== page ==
:confused::confused::confused::confused:

The Artful Bodger
07-13-2014, 04:06 PM
Sorry, I dont know any Sue McIver.

We have not seen any updates on the project which either means it did not work or the TV people are not interested (which might mean that it did work!).

Mike Burch
07-14-2014, 04:12 AM
The TV news tonight reported that the trial was successful, inasmuch as the coating kept the water out for a couple of days. However, they're now admitting that it's useless in its present form, as all the sub-floor vents have to be blocked up before the rain starts, and portable dams erected in the doorways, and so on and so forth.

The Artful Bodger
07-14-2014, 04:25 AM
Mike, I want some of that paint for a leaky shipping container I have!

Norman Bain
07-14-2014, 05:27 PM
The paint looked very much like the goo that I used to paint a concrete swimming pool some years back.

Mike Burch
07-14-2014, 06:02 PM
A bright blue shipping container, John?! (Though they did say in the first report that it's also available in white.) Is this at your place or at the aerodrome?
It seems that the Christchurch City Council organised and paid for the experiment, so they should be able to tell you where to source the stuff.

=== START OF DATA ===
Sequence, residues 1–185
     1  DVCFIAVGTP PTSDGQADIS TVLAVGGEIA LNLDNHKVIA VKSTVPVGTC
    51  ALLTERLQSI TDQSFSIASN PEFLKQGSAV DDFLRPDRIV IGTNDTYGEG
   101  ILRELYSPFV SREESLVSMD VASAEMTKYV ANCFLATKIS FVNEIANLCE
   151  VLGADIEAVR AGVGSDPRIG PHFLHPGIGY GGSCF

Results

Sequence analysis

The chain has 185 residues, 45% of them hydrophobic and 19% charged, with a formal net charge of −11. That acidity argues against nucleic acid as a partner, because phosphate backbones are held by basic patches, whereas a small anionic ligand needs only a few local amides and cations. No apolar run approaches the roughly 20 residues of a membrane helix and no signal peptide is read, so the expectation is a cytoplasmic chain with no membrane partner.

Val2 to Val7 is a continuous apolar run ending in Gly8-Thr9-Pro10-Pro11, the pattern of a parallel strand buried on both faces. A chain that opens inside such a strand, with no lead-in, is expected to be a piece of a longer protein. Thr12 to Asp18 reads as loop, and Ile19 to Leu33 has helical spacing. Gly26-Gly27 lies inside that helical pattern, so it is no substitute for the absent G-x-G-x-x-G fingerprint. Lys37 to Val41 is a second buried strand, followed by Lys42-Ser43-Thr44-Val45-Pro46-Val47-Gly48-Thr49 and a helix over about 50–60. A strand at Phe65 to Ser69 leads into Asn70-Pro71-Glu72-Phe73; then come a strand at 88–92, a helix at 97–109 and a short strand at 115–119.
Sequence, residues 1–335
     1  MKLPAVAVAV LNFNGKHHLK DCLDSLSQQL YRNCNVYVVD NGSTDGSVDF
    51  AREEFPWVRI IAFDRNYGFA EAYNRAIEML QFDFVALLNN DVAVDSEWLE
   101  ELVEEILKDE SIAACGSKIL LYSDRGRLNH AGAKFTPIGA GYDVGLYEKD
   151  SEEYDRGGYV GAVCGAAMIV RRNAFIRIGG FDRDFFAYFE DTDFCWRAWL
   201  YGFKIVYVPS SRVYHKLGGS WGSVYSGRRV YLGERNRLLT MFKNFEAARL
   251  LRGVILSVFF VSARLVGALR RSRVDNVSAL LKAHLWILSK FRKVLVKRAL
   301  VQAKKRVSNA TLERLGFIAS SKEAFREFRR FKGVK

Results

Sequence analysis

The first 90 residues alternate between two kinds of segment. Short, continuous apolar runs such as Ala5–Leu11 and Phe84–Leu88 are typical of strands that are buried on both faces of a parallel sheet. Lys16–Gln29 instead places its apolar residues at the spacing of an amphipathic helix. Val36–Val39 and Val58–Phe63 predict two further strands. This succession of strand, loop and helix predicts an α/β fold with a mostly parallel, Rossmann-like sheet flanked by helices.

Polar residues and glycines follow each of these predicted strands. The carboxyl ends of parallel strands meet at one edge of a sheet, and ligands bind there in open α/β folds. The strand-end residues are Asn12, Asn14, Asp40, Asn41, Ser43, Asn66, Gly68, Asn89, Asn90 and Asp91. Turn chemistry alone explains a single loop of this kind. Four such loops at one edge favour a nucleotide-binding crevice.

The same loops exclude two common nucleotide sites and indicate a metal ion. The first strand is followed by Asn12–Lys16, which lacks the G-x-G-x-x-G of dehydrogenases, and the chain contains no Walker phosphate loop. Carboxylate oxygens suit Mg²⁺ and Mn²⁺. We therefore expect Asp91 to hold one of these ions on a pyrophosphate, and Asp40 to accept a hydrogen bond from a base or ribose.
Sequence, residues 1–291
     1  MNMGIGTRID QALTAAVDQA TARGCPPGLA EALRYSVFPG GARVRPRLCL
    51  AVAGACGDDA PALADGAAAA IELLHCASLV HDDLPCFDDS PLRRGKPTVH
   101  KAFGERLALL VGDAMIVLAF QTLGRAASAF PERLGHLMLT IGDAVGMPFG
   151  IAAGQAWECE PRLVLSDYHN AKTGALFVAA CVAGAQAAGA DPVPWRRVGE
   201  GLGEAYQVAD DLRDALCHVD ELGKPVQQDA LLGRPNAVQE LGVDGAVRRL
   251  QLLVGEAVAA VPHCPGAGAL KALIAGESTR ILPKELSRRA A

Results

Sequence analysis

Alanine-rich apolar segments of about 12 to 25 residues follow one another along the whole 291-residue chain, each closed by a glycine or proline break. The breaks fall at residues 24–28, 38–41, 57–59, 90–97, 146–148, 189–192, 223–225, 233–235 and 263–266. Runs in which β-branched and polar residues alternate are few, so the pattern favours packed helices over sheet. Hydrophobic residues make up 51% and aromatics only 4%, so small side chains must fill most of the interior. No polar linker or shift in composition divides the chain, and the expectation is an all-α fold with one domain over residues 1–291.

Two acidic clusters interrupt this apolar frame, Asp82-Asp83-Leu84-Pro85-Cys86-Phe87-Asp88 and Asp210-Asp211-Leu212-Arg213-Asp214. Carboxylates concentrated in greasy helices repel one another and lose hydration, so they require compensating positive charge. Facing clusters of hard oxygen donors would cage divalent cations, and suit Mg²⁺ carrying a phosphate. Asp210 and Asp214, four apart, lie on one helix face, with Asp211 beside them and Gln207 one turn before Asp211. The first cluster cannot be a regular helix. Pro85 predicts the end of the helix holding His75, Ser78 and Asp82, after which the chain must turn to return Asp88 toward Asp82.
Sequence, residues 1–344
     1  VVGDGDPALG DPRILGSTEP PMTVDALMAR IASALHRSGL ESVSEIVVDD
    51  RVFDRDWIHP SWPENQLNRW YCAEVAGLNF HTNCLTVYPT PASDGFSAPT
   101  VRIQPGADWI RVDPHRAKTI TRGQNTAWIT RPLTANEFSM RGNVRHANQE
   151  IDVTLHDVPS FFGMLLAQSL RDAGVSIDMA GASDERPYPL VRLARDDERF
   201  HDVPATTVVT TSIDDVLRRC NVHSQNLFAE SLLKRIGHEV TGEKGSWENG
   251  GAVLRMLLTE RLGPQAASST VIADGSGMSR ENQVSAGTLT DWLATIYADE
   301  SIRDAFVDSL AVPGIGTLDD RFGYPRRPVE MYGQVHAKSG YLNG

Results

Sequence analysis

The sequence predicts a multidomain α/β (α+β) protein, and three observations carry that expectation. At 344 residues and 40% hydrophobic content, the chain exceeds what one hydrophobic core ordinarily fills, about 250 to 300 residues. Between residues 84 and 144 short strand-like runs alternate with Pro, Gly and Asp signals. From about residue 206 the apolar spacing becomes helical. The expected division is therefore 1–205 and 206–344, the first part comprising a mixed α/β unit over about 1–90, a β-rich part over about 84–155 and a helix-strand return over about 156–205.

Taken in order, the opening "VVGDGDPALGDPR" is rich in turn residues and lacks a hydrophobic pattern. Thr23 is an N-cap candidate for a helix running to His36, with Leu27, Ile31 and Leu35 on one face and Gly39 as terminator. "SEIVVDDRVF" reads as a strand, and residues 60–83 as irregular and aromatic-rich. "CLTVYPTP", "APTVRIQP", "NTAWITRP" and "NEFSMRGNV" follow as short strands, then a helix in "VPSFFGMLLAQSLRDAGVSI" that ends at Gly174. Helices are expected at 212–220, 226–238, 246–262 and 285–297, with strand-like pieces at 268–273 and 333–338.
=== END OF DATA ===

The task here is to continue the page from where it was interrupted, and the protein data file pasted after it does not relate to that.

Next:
The Artful Bodger
07-15-2014, 12:33 AM
Mike, we have two containers at the airport that have serious leakage problems and we can only keep them moderately dry by chaining the doors partly open (it is amazing what a difference that makes).

The one with the really rusted roof I covered with plastic and poured sand on top to keep the plastic down. I earned quite a bit of ridicule for that little 'fix' but no one was going to vote the $$$ needed for a real job. I am somewhat reluctant to check the inside conditions of that one!

I do have a container here at the house which we used for our move from the Windy City, it is insulated with an aluminium skin and a few leaks from damages to the roof. I 'fixed' those with my bodge of soaking strips of old bed sheets in house paint and laying them over the holes. Unfortunately the bed sheet eventually rots but it is good for a few years.

wtrueman
07-18-2014, 12:13 AM
Hi all: I have been away for a while on my leaky Al. Boat. So what is this spray called? Thanks for your time,
Wayne.